2.6
August 14, 2014

Reclaiming The Power of Nice.

kindness

“Man is free at the moment he wishes to be.” ~ Voltaire

Elephant founder Waylon Lewis recently posed a question for all of us elephants out there which boiled down to this: what is something important you have recently learned?

Deceptively simple, it—as usual in Waylon’s World—generated lots of thought—provoking responses.

My own? I had to mull that over for a few. I mean, we’re learning things every second of every day. I just learned yesterday that I love raw figs—specifically the in season black figs from California I bought at Trader Joe’s.

I urge you one and all to try them.

But aside from new-to-me food, how has my mind recently expanded?

Then it hit me: it wasn’t my mind, but my heart that had learned something.

I’ve been married for a long time, and as any of you in long term relationships know, they can be challenging. The toughest times in my particular marriage seem to be when either my husband or I loses the “Power of Nice” and is met with meanness instead of patience, humor or compassion.

In other words, for whatever reason, one of us stops being our cool, normal selves and instead becomes petty, childish, short tempered and rude. The other one—instead of taking the high road—reacts in a similar manner.

Once the pattern is triggered, it can escalate very quickly until every interaction is loaded with sarcasm and double entendre. It leaves both of us feeling angry and alone—and that negative energy seems to infect the entire household.

Ugh. What a mess.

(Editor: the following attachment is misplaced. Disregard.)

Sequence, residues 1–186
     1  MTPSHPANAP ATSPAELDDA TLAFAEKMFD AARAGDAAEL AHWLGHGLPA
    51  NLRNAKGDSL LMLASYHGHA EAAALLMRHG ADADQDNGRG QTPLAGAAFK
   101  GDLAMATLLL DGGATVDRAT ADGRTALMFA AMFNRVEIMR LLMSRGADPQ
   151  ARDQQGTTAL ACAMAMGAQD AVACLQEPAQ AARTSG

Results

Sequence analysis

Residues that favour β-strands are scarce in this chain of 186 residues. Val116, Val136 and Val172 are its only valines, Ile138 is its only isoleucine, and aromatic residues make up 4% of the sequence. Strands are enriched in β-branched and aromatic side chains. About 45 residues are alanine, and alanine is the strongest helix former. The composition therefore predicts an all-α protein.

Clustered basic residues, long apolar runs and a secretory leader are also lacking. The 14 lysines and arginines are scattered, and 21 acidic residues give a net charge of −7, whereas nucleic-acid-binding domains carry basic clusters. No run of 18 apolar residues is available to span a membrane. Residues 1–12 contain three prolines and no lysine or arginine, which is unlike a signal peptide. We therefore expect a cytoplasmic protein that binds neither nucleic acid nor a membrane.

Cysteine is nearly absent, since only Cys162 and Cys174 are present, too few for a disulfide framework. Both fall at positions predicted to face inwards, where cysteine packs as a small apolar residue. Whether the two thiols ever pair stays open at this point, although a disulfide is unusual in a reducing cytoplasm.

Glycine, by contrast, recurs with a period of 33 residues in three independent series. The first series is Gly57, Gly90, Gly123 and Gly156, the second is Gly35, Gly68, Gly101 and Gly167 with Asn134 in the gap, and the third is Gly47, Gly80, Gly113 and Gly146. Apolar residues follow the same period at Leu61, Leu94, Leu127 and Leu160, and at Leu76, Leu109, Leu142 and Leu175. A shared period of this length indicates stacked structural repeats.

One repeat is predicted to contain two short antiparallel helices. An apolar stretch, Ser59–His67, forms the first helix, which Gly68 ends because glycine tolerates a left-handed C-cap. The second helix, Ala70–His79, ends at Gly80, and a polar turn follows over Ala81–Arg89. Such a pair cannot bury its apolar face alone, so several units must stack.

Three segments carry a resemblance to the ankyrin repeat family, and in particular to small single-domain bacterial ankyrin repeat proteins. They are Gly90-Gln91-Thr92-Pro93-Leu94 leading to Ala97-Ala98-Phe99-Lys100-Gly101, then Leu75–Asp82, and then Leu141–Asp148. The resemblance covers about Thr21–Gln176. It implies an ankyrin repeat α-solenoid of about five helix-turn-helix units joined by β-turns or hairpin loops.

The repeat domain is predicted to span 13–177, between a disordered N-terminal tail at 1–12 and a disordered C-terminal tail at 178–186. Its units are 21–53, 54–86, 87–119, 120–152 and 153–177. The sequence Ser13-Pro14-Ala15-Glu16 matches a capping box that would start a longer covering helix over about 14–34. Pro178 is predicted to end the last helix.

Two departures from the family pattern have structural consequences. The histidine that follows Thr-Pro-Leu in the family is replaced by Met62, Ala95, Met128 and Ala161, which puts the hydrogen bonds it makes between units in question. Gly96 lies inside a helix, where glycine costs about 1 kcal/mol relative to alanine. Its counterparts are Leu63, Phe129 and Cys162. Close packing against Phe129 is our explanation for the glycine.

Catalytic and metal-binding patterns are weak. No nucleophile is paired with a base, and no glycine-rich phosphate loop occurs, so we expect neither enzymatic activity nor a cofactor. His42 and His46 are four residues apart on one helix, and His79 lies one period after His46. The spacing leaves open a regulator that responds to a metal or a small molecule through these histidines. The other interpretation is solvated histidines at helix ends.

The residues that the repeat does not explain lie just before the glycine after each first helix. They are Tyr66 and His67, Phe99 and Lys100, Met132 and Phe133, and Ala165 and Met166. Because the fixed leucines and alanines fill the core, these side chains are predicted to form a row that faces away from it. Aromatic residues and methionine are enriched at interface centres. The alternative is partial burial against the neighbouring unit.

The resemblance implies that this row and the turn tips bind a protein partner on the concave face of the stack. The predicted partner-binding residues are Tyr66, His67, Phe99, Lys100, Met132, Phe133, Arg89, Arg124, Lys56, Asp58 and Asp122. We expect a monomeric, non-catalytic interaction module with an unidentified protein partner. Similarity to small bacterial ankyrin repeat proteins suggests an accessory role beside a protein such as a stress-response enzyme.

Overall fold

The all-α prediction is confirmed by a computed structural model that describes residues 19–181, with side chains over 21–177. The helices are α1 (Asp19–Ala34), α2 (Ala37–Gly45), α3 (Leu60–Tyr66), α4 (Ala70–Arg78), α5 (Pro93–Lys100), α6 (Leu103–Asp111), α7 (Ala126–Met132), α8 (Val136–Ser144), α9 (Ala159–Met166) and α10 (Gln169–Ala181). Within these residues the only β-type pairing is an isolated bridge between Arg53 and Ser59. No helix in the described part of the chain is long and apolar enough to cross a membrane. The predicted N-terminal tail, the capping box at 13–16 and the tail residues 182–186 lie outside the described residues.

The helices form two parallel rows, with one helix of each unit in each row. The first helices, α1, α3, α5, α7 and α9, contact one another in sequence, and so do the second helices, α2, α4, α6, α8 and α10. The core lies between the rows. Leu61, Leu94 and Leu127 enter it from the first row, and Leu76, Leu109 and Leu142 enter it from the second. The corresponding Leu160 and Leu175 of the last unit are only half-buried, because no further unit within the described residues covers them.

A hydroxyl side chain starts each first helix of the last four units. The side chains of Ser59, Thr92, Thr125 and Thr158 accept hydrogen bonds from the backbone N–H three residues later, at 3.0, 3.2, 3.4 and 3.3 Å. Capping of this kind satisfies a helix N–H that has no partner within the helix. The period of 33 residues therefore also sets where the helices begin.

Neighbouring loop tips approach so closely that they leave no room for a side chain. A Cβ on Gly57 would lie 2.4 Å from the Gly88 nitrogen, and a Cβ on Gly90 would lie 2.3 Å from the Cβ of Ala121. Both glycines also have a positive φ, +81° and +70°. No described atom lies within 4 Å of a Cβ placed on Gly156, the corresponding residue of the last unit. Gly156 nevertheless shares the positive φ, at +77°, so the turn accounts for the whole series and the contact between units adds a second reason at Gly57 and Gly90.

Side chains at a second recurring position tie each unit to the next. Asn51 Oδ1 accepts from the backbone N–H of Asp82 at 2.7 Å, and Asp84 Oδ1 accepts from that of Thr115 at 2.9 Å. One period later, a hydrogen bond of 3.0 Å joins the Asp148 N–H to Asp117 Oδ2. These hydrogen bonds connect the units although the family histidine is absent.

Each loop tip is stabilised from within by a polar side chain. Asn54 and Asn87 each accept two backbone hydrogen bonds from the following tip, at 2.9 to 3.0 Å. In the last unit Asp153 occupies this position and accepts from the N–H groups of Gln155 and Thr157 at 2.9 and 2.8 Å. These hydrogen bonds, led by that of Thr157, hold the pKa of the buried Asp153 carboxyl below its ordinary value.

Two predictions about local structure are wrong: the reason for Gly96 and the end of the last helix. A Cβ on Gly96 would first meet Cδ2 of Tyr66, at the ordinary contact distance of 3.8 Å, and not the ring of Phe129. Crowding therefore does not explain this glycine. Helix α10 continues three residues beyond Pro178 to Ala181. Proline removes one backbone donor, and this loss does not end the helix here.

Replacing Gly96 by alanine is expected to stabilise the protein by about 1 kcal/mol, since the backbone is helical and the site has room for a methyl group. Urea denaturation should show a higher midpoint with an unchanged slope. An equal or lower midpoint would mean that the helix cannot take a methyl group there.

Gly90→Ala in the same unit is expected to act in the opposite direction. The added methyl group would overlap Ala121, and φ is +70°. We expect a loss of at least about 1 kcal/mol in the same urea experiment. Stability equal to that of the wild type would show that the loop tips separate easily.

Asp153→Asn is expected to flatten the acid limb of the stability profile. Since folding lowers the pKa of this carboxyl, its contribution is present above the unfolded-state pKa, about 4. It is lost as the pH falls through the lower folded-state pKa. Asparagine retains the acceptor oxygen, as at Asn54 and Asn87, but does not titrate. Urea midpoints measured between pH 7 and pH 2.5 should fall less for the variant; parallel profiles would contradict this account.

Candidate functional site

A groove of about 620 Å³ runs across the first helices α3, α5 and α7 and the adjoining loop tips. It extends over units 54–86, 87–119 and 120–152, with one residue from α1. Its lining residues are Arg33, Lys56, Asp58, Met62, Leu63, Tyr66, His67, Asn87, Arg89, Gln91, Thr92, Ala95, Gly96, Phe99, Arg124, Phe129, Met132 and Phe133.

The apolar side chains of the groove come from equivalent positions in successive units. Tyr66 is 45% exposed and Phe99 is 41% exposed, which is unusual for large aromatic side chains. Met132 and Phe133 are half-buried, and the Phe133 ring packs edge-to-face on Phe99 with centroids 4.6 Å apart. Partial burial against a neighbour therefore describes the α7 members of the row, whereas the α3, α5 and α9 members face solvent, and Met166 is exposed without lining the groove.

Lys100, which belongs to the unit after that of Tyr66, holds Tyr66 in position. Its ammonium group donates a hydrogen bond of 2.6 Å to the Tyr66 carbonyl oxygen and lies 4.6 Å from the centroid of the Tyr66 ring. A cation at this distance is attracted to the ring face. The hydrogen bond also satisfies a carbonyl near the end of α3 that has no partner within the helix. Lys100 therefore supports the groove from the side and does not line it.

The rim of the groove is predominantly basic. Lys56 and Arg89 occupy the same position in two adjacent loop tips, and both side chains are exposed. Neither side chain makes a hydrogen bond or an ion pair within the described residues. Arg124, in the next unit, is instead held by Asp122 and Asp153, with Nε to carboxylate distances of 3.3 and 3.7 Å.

In the last few weeks, no doubt due to the excessive stress of traveling, my husband and I found ourselves in such a place. It waxed and waned, flaring up and then seeming to fade away, but never evaporating altogether.

I could sense my overall hostility gradually increasing, and began spending an inordinate amount of time figuring out who was to blame.

He said this, so I said that. He did this, so I did that. Or was it the other way around? Who was the bad guy? And whoever it was, could they just hurry up and chill already?

No matter how hard I tried to untangle the knot of ugliness, it just kept getting worse.

Then suddenly, I had an idea. What if, instead of worrying about who started what, I simply decided to reclaim my Power of Nice?

What if I stopped worrying about who did what, and just started paying attention to what I  was doing? And what if what I was doing was just trying to be nice—instead of keeping score, rationalizing my behavior, and driving myself mad?

Whatever happened, it would have to be better than the status quo.

So I took a deep breath, gave myself a little shake—kind of like shaking a mental Etch-a-Sketch—and became, once again, Nice.

When my husband asked me if I thought the lentils I was cooking were done, I didn’t let myself suspect that he was hinting they weren’t, or that they were overdone—I just answered, “Yep, I think so!”

When he chuckled at the obscene amount of bug spray I doused myself with before our daily dog walk, I didn’t get all defensive (even though he laughs at me every time I put on bug spray despite the fact that he knows mosquitoes are drawn to me like vegans are drawn to hummus), I just kept spraying and then leashed up the dogs.

When he sneezed, I said, “God bless you!”

When he asked me what I’d done all day, I gladly told him.

When he put the dishes away, I said, “Thank you!”

And when he hugged me in the middle of brushing my teeth, I stopped, and hugged him back.

And I don’t have any idea if he became nicer in return, or if I just felt better because I wasn’t marinating in my own crappy juices, but whatever it was, it was great.

Sometimes something so basic can really change everything.

I’m not saying I won’t ever backslide and get pissed when my cooking is criticized or I’m laughed at for some weird habit I have, but I am happy to have a clear understanding that I can control myself and make kindness a priority.

I have a feeling things around my house are going to be much nicer from now on.

 

 

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Editor: Renée Picard

Photo: elephant archives

 

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